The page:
Critical World
Thinking Globalization Through Popular Culture
My Life In The Bush of Ghosts
Categories: Critical World Book

This article was created to accompany a text that appeared in the edited volume entitled “Music and Globalization:  Critical Encounters” (Indiana University Press, 2012).

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Since the early 1980s I have been tracking “world music.” I place that term immediately in quotes to indicate that I don’t use it transparently, as a benign generic gloss for human musical diversity. Rather, my interest is specifically in “world music” as a label of industrial origin, a label that refers to an amalgamated global marketplace of sounds as ethnic commodities. Once more idiosyncratically and unevenly collected and circulated under labels like “primitive,” “folk,” “ethnic,” “race,” “traditional,” “exotic,” or “international” music, today’s “world music” tells a new story.

It’s a story about intersections of transnational capital, global economic niche expansion, technological ubiquity, and the contradictions of aesthetic pluralism and product homogenization.

It’s a story about the shaping power of a global recording industry that sees the marketplace as the actual arbiter and guarantor of musical authenticity.

This is to argue that the existence of the category of “world music” –-like the existence of the category of  “fine art” examined by Fred Myers (2001) in The Empire of Things­— derives from and is chiefly dependent on the marketplace, and not from formal genre distinctions, autonomous aesthetic qualities, or geographic categories.

— Steven Feld

Listen to Brian Eno’s My Life in Bush of Ghosts here.



Alongside the production of these anxious narratives, “world music” has consistently, indeed, dialectically, produced a much more frequent narrative, of celebration. It’s this celebratory narrative that sees “world music” as indigeneity’s champion and best friend.

This celebratory narrative sees musical hybridity and fusion as cultural signs of unbounded and deterritorialized identities.

It sees the production of both indigenous autonomy and cultural hybridity as unassailable global positives, moves that signify the desire for greater cultural respect, tolerance, and blending.

Here is where celebratory discourse virtually proclaims “world music” synonymous with anti-essentialism, with borderlessness, with cultural free-flow, with a futurist hope or prediction of greater cultural and economic equilibrium.

— Steven Feld

Anxious narratives tend toward sharper focus on economics and power. They emphasize how the music marketplace is structurally founded on historical inequities in the areas of copyright, royalty structures, ownership regimes, and access to the market.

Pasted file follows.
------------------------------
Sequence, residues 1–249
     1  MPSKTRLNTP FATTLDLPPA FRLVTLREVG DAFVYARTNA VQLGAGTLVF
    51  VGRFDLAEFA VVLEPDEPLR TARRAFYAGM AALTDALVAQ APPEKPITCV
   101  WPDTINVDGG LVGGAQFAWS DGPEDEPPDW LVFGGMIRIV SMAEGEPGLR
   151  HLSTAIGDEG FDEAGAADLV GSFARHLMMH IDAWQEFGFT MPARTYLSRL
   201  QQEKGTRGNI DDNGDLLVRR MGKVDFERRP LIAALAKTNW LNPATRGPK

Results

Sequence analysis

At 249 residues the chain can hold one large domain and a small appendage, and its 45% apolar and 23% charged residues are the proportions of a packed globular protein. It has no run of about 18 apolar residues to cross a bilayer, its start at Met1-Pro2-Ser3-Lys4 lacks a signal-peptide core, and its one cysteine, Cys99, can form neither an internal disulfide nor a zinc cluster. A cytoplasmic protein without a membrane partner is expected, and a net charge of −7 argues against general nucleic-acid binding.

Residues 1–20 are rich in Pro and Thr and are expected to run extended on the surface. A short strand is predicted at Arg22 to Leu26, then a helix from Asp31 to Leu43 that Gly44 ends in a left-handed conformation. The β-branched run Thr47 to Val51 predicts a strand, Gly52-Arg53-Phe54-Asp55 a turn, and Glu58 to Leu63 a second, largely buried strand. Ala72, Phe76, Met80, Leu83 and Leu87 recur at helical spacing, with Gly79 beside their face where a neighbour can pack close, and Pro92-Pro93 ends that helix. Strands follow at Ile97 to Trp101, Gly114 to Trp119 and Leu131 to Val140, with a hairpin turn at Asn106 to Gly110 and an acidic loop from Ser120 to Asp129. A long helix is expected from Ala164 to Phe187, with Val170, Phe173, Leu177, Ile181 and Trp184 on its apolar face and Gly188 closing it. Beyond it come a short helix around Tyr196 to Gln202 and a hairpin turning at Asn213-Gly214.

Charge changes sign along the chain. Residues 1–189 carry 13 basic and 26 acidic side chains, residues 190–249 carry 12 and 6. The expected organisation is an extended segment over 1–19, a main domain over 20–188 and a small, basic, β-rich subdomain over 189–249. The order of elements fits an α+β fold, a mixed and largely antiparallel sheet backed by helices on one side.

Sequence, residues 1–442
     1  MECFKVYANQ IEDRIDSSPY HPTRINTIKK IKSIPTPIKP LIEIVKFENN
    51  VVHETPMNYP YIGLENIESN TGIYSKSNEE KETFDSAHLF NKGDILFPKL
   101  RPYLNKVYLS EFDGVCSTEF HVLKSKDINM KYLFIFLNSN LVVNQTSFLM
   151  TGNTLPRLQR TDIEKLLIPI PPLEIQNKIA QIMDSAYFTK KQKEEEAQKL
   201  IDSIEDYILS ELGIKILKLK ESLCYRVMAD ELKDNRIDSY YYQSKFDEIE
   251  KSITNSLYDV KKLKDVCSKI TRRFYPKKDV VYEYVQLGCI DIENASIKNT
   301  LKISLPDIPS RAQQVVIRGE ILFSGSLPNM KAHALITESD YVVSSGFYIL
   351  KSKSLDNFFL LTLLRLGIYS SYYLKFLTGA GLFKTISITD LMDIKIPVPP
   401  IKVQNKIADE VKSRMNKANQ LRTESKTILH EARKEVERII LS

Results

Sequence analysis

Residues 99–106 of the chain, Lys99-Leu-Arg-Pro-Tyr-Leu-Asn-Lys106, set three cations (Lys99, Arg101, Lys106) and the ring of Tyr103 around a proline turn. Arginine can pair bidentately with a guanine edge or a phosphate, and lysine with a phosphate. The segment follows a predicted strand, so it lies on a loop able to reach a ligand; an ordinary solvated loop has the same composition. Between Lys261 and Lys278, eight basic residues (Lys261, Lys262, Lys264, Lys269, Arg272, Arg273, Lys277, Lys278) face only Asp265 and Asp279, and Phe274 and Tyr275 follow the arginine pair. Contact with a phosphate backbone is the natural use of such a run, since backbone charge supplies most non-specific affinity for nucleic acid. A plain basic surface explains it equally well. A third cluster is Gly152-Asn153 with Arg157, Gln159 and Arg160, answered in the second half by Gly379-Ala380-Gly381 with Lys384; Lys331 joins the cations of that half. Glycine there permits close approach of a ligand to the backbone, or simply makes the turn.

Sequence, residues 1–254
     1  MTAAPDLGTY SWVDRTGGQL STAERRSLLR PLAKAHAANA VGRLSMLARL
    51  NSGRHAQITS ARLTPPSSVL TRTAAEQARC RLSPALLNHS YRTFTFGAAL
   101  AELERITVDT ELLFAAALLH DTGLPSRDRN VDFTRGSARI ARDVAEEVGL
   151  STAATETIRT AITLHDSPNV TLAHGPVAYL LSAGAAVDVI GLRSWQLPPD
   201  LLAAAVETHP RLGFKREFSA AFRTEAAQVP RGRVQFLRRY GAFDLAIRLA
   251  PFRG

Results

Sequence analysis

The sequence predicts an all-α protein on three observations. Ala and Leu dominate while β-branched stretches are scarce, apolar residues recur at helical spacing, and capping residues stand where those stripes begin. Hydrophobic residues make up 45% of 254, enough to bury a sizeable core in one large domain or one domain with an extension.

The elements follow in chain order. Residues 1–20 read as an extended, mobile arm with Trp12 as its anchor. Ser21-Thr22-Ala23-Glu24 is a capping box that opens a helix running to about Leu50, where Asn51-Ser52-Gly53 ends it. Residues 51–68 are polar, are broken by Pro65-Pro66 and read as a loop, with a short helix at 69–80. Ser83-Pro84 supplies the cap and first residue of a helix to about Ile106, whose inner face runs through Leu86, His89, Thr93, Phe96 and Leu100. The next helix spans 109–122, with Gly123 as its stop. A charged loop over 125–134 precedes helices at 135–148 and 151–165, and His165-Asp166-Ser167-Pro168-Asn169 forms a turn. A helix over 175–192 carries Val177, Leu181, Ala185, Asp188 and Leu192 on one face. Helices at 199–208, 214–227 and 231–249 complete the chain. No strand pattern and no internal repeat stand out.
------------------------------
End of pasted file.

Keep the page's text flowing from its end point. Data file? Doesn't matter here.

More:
They insist that the industry is currently organized in ways that typically reproduce and amplify these fundamental inequities. Celebratory narratives tend toward sharper focus on how pleasure and participation enhance new connections and close old gaps.

They emphasize new possibilities, new forms of recognition and the potential for respect they bring. In short, both anxious and celebratory narratives of “world music” embed a fraught cultural politics of nostalgia, that is, they each are deeply linked to the management of senses of loss and renewal in the modern world. And they each involve complex suspicions and idealizations about notions like resistance and survival, or tradition and heritage.

My project is devoted to untangling some of the strands of suspicion and idealization that bind anxious and celebratory narratives. It is in this mutualism and interdependence, this play “from schizophonia to schismogenesis” that I locate the social core of the “world music” story (Feld 1994, 2000).

— Steven Feld


World music was not quite a newly emergent market category when My Life in the Bush of Ghosts was released on LP in February 1981.

But the LP certainly heralded a great deal of what was to come in the 80’s and 90’s under the banners of “world music” as well as “world beat” and “ethno-techno” —the two sub-genre terms that most overtly celebrate exotic alterity as danceable hybridity.

— Steven Feld


Read an Interview with Brian Eno by Sandy Robertson (1981) “The Life of Brian in the Bush of Ghosts, here

Most importantly, all of this takes place in an aesthetic space that is dominated by dance music, by the allure of physical participation and its promise of bodily pleasure.

Danceability is what sold pop and rock music, and danceability was well understood by Eno and Byrne to be the critical step in resignification, the commodity phase where the exotic tease never strips the familiar.

Again the anxious question about virtual religion comes into focus: Is MLBG, then or now, a simulacrum of increased spiritual contact that masks an unexamined reproduction of increased spiritual distance?

— Steven Feld

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